Happy Cleaners is a drama film directed by Julian Kim and Peter S. Lee. The plot follows the Choi Family as they navigate life, and the hardships therein. Their relationships will be tested, and their bonds strained, but can the Family survive its American Dream?
This film made me hungry, it then warmed my heart; but I was still hungry. This is one of the sweetest most genuine films I have seen in a long time, it feels so painfully true to life that you almost forget it is fiction and think that it is a documentary at times. This film speaks so much to the life of a lot of people that falls far beyond the glamorised Hollywood ideal, and shows it like it is for a lot of people, in a never-ending struggle.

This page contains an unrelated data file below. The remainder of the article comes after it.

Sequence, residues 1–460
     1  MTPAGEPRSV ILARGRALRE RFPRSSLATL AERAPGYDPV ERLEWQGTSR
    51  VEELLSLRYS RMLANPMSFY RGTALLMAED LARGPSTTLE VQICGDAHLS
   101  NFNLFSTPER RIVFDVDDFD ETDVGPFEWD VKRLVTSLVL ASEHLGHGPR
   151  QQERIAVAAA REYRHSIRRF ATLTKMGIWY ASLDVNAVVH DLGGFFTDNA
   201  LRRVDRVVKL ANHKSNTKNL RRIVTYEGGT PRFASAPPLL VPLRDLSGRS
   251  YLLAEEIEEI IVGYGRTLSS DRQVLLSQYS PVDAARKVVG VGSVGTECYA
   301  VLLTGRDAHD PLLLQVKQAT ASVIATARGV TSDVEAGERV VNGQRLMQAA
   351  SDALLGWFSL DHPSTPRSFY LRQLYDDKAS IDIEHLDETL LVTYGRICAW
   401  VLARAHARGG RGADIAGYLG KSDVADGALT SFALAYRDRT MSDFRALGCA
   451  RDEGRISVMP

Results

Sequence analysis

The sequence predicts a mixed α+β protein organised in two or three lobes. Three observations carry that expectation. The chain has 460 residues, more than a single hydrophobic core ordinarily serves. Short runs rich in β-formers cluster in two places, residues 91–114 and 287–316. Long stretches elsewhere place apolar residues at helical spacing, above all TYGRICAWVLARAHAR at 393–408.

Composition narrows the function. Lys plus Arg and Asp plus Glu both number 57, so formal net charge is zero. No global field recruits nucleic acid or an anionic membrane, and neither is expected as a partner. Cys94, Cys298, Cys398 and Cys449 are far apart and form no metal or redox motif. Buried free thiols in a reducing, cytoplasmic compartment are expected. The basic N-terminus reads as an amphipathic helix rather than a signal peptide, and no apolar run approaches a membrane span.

The heart and by extension the emotional impact of the film were exactly where they needed to be to leave a lasting impact. The scene between the Father (Charles Ryu), and The Son (Yun Jeong), that follows on from the heated argument, where they manage to understand where the other is coming from without physically saying it is magnificent there is so much said without words in this scene it truly is a work of art; and it made me cry a little bit.
The acting is all very strong, not just from Ryu and Jeong but from the whole family. Hyang-hwa Lim as the matriarch of the family who just wants what’s best for her kids, despite them not agreeing with her assessment of what best is, is also very strong. I think her character has a near perfect arc, and the health scare really helps to add further perspective into the film and the scene and deepen the emotional takeaway.